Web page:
[2] Milutinović 8 November 2002 Decision, para. 23; Simić 28 February 2000 Decision, para. 41.

[3] Request, paras 14-16, 24.

[4] Prosecutor v. Tihomir Blaškić, Case No IT-95-14-A, Decision on Prosecution’s Motion for Clarification of the Appeals Chamber’s Decision Dated 4 December 2002 on Paško Ljubičić’s Motion for Access to Confidential Material, Transcripts and Exhibits in the Blaškić Case, 8 March 2004, para. 39; Prosecutor v. Tihomir Blaškić, Case No IT-95-14-A, Decision on “Prosecution’s preliminary Response and Motion for Clarification Regarding Decision on Joint Motion of Hadžihasanović, Alagić and Kubura of 24 January 2003”, 23 May 2003, para. 28.

[5] See para 15 supra and para. 17 infra [reproduced above].

[6] Provided that access to documents D182-D1 has already been dealt with by 2 May 2006 Decision.

[7] The Appeals Chamber notes, however, that the Prosecution does not control the access which a party may have to material available within the Tribunal. See, e.g., Prosecutor v. Enver Hadžihasanović et al., Case No IT-01-47-PT, Decision on Motion by Mario Čerkez for Access to Confidential Supporting Material, 10 October 2001, para. 13; Prosecutor v. Radoslav Brđanin and Momir Talić, Case No. IT-99-36-PT, Decision on Motion by Momir Talić for Access to Confidential Documents, 31 July 2000, para. 6.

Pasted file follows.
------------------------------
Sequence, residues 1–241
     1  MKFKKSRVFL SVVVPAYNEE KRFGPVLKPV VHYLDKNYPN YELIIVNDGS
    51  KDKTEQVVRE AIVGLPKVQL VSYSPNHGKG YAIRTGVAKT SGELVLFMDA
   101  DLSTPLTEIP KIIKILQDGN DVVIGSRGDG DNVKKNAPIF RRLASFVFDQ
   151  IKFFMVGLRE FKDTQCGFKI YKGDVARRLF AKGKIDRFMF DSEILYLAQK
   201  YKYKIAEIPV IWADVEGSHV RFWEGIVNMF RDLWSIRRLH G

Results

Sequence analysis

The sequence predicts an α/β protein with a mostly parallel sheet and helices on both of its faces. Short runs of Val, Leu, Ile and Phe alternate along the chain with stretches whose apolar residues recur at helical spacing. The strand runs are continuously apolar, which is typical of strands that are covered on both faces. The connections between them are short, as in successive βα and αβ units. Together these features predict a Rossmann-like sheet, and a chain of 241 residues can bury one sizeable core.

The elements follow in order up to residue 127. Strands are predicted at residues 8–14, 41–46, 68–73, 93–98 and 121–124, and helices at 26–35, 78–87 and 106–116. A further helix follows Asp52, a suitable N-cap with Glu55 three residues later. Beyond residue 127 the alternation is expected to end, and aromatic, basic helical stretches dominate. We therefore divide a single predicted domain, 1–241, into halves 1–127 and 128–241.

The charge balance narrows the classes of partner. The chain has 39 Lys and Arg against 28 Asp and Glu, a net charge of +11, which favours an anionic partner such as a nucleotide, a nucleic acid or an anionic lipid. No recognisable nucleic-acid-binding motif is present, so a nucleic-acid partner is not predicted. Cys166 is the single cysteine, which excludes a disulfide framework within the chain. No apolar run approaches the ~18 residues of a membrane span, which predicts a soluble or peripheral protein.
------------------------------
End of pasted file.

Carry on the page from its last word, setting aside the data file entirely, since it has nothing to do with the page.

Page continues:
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ICTR Rule Rule 66
Rule 68
ICTY Rule Rule 66
Rule 68
Notion(s) Filing Case
Decision on Access to Confidential Materials - 21.02.2007 KRAJIŠNIK Momčilo
(IT-00-39-A)

P. 5: CONSIDERING, however, that “ex parte material, being of a higher degree of confidentiality, by nature contains information which has not been disclosed inter partes because of security interests of a State, other public interests, or privacy interests of a person or institution”[1] and that “[c]onsequently, the party on whose behalf ex parte status has been granted enjoys a protected degree of trust that the ex parte material will not be disclosed”;[2]

FINDING that the Applicant has not demonstrated a legitimate forensic purpose in relation to such ex parte material;